Wall Street to open lower after Tuesday rally, results eyed
By Chuck Mikolajczak | February 7, 2013 1:28 AM EST
Stocks were poised to open lower Wednesday, indicating the S&P 500 may retreat as it faces resistance to further gains beyond five-year highs in the wake of a 1-percent rally on Tuesday.
A 6-percent advance this year so far has lifted the S&P 500 index to its highest since December 2007, while the Dow <.DJI> briefly climbed above 14,000, making it a challenge for investors to continue pushing the equity market upward amid a dearth of fresh trading incentives.
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"You knew a correction was coming; the question was whether they were going to tease you and get it close and then start selling it off or get it up to 14,000 and then start to make a move to the sell side," said Gordon Charlop, managing director at Rosenblatt Securities in New York.
"We got a quick move and it's really just not healthy for markets to go one way, so the idea that a little bit of a correction is due isn't troublesome to me at all."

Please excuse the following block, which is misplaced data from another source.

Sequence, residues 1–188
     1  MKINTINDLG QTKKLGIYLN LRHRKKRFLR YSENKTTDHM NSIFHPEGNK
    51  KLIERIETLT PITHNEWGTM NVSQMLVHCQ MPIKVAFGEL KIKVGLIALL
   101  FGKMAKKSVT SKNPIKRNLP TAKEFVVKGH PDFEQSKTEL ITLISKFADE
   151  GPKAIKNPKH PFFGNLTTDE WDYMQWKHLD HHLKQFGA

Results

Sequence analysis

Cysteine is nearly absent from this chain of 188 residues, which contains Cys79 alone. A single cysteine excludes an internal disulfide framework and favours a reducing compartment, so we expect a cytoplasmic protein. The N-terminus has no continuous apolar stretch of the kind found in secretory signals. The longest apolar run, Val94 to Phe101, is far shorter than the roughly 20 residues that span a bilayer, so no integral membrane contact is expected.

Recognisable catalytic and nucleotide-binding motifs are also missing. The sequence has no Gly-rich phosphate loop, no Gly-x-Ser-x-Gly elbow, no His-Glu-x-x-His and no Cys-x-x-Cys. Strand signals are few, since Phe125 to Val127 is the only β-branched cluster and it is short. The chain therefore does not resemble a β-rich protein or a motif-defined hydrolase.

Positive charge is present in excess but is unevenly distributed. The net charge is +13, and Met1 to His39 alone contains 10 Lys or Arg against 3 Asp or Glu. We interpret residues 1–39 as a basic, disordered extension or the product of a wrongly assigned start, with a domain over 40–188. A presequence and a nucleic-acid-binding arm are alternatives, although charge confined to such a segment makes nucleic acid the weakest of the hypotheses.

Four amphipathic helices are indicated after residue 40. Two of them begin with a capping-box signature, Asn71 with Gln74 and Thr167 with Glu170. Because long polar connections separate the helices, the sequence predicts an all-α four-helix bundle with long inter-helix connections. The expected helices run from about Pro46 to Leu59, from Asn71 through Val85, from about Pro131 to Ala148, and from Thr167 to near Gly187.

According to Thomson Reuters data through Tuesday morning, of 278 companies in the S&P 500 <.SPX> that have reported earnings, 68.7 percent have exceeded analysts' expectations, above a 62 percent average since 1994 and 65 percent over the past four quarters. In terms of revenue, 66 percent of companies have topped forecasts.
In another positive sign for profits, fourth-quarter earnings for S&P 500 companies are now expected to grow 4.5 percent, according to the data, above a 1.9 percent forecast at the start of the earnings season.
S&P 500 futures fell 6 points and were below fair value, a formula that evaluates pricing by taking into account interest rates, dividends and time to expiration on the contract. Dow Jones industrial average futures lost 51 points, and Nasdaq 100 futures declined 9.75 points.
The benchmark S&P index rose 1.04 percent Tuesday, its biggest percentage gain since a 2.5-percent advance on January 2, when legislators sidestepped a "fiscal cliff" of spending cuts and tax hikes that could have hurt a fragile U.S. economic recovery.
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(Editing by Bernadette Baum)
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